I've been working on a book for a very long time now. Sometimes it feels like an endless tunnel. When it does, I go back to my blog and read your encouraging comments. It keeps me going. I want to share the opening of the book with you and I would love your honest feedback.
If you could only see me now, Abu Tawfeeq. I am not the Najma you married. I have passed ninety, and I wait everyday for the moment God decides to take His property back. Even Nabeel doesn’t need me anymore. He can move around in his wheelchair faster than I can push him. He’s made some new friends in the neighbourhood. He comes back with a full stomach, and only takes a couple of spoons from the meals I make him, just to humour me. Maryam comes to visit me from time to time, but I don’t know what to talk about anymore. I bore everyone, even myself.
Nabeel’s been spending a lot of his days on his new devices. He taught me how to use the Skype today. You touch the blue button and touch the name of the person you want to talk to, and lo and behold, they are there in front of you. A talking picture.
‘Halaw, Mama,’ said the picture of Nada.
‘How are you?’ I shouted. The picture and Nabeel burst out laughing. ‘You don’t have to scream Bibi, she can hear you perfectly,’ Nabeel said. It sounded so simple, so easy. Suddenly, I could no longer pity myself from living away from her. It was Nada’s voice but not really, and it was her face, but not really either. I touched the talking picture and felt angry- I don’t know why.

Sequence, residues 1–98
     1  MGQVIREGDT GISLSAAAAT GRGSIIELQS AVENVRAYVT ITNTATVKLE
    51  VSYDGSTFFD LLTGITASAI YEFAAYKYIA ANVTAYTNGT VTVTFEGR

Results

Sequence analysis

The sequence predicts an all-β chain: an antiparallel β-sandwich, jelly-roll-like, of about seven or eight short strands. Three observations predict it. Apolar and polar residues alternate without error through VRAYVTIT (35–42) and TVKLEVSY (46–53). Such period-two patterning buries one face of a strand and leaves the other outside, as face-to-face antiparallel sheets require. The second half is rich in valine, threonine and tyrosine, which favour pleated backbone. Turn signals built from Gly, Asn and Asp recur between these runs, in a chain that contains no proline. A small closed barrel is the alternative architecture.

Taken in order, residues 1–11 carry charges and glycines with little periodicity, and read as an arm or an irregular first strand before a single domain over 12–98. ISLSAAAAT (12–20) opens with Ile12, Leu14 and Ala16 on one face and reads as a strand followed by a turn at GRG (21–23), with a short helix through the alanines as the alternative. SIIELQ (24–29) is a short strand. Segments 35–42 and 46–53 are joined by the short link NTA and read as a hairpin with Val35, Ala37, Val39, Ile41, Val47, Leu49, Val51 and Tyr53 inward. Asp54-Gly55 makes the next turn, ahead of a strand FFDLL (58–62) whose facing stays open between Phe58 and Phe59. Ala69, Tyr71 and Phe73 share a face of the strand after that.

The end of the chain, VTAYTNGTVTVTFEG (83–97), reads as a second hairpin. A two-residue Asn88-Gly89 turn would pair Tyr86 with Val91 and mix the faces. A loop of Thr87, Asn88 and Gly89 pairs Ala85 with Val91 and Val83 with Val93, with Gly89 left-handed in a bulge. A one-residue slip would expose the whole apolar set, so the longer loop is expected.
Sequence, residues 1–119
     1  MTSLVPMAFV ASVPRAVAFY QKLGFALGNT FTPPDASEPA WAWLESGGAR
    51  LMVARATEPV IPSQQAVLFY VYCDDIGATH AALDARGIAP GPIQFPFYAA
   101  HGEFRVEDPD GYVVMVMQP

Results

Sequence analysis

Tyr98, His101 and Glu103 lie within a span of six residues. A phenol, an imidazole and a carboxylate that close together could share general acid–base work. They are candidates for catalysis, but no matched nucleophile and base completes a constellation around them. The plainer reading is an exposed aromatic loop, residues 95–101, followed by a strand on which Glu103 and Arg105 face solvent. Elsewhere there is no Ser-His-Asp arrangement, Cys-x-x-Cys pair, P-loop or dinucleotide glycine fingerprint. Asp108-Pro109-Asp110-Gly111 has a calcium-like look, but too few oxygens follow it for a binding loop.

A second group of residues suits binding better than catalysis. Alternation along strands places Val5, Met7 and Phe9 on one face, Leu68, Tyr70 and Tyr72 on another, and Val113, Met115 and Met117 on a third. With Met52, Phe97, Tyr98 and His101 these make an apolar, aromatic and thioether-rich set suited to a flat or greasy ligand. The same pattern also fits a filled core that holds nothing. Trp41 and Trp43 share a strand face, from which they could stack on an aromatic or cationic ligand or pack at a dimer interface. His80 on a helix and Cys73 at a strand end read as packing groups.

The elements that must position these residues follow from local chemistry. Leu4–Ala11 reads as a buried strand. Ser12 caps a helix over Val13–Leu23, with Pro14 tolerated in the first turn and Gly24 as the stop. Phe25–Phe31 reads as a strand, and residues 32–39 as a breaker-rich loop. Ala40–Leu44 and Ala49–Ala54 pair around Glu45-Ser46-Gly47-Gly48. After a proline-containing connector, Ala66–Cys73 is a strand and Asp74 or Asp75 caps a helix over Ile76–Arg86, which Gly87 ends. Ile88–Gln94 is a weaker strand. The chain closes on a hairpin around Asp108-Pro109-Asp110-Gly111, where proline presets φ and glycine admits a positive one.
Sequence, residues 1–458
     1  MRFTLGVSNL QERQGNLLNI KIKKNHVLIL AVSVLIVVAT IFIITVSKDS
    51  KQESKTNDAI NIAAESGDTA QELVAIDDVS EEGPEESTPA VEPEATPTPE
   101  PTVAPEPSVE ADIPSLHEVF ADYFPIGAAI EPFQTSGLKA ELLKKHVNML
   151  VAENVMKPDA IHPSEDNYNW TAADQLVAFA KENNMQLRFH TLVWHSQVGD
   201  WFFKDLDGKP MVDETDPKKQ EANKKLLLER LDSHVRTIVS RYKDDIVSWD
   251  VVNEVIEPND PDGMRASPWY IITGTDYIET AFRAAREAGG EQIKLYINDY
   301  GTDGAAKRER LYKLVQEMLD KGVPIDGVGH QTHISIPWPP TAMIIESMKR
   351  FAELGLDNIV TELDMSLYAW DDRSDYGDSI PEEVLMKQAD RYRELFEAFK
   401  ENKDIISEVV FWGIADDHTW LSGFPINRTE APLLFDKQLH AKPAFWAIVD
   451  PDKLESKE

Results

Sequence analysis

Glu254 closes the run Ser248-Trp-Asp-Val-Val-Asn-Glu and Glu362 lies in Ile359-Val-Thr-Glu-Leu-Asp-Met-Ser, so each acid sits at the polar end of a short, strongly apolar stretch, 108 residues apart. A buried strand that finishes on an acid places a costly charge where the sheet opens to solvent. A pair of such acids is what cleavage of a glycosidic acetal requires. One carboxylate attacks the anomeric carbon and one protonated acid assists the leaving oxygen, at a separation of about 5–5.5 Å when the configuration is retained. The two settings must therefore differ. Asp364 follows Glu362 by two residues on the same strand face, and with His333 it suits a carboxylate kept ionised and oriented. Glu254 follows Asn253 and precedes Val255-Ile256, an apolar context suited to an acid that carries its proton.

‘Put the webcam on, habibi, I can’t see her,’ the picture said. Nabeel made some moves on the screen and an old lady popped up. It took me a second to realize the old lady was supposed to be me. Her skin had the coarse, spongy look of a badly peeled tangerine. Beaded into this face were two crinkled eyes, a bulbous nose dotted with spots and odd patches, and a puckered mouth. ‘Look at how they’re making me out to be,’ I cried. The picture and Nabeel laughed again. ‘Mama, it’s a camera. They’re not drawing you! Masha’Allah, you are still the beautiful moon you use to be.’
I let them catch up with each other while I sat back, not in the mood for conversation. It had been a while since I had stepped on to the stool by the sink to take a look at myself in the mirror, but how could this much change since then?
As I sat down on my bed last night, plaiting my hair before tucking myself in (I can never plait them as perfectly as you did, though), I looked around at the furniture and had a moment of realization. That the bedroom knows me better than any person does. The bed with its white oak headboard, the table de toilette with the coffee ring stain that still refuses to go, the beige painted walls that are peeling off in many places. This room and these pieces of furniture saw me transform from a shy bride to a hideous widower, day by day. I wished I could give them tongues and see what they had to say about me, after all these years of their silent observation. I thought of how much has happened, of you, of my poor Mustafa, of all the ladies I knew who had passed on. And I thought of Baghdad, and its endless heartbreak.
The days merged into each other, the events swirling in my memory, indistinguishable from each other. And I decided that if it’s the last thing I do, I must write it all down, document everything. Maybe it’s the heaviness of my life that’s weighing me down, and if I empty myself of it all, I will be light enough to leave.